FILED: February 21, 2001
MOUNTAIN WEST REAL ESTATE, INC.,
an Oregon corporation,
Appeal from Circuit Court, Marion County.
Paul J. Lipscomb, Judge.
Argued and submitted September 7, 2000.
W. Eugene Hallman argued the cause for appellant. With him on the briefs were Mark E. Griffin, Griffin McCandlish, David B. Wiles, and Ashcroft Wiles LLP.
Sarah R. Troutt argued the cause for respondent. With her on the brief was Michael C. McClinton.
Before Landau, Presiding Judge, and Linder and Brewer, Judges.
Plaintiff initiated this action against defendant Coldwell Banker Mountain West Real Estate, Inc. (Coldwell), for breach of a contract concerning real estate commissions. Coldwell sought summary judgment, and the trial court granted its motion. Plaintiff appeals. Viewing the facts and all reasonable inferences in the light most favorable to plaintiff, we conclude that there are no genuine issues of material fact and that Coldwell is entitled to judgment as a matter of law. (1) Consequently, we affirm.
Coldwell is engaged in the business of selling real estate and has more than 100 residential and commercial sales associates who work in Salem and Keizer, Oregon. In September 1993, Coldwell hired plaintiff as a residential real estate salesperson. At that time, the parties entered into an Independent Contractor Agreement (agreement). The agreement specified, among other things, the salesperson's and the broker's obligations and authority, how commissions were to be distributed, and what would happen upon termination of the parties' association. In her capacity as a salesperson, plaintiff was responsible for soliciting and obtaining real estate listings on Coldwell's behalf. During the summer of 1995, after plaintiff assisted with the transfer of the real estate business of Sandstrum Homes, Inc. (Sandstrum), from another agency to Coldwell, Sandstrum, became plaintiff's primary client. In October 1995, for reasons not relevant to this appeal, Coldwell removed plaintiff from the Sandstrum account, and in December 1995, Coldwell and plaintiff terminated their association. Plaintiff later received commissions for all of her sales that were in escrow or had then-pending negotiations.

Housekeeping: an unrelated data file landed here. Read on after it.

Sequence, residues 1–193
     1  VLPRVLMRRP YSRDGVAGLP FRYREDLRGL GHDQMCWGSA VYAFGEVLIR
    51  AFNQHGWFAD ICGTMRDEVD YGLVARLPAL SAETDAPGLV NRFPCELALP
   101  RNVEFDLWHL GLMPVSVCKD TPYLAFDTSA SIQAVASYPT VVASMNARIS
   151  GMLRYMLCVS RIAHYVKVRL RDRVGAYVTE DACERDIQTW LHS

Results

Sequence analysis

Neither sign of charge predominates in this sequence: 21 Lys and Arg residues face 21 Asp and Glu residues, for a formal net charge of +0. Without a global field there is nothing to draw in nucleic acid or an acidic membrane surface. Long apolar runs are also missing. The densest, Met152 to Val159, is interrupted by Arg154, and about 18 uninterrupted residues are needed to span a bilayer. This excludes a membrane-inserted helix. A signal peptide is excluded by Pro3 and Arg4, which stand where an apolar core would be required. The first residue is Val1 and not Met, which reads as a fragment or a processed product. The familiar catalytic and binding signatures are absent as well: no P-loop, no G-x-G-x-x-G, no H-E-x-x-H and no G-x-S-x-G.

Plaintiff filed a complaint against Coldwell, alleging that she was entitled to additional "unpaid" and "future" commissions relating to the Sandstrum account. Some of the Sandstrum property listing agreements for which plaintiff sought commissions had been signed before she left, and others were signed weeks and months later. She claimed entitlement to those commissions because Coldwell initially obtained the Sandstrum account as a result of her efforts. Additionally, plaintiff claimed she deserved those commissions because her extensive services to that account included, among other things, assembling a job team, formulating an extensive marketing plan, and obtaining numerous listing agreements. Coldwell successfully moved for summary judgment on the ground that a paragraph of the parties' written agreement governing what would happen upon termination of their association unambiguously did not provide for plaintiff to receive the disputed commissions.
On appeal, plaintiff challenges the trial court's ruling that the agreement was unambiguous and argues that, as a result, the agreement's meaning cannot be resolved on summary judgment. In support of the existence of an ambiguity, plaintiff relies on a fee schedule for commissions incorporated into the agreement and an alleged oral agreement between the parties about the Sandstrum account in particular. In response, Coldwell renews the arguments that it made below.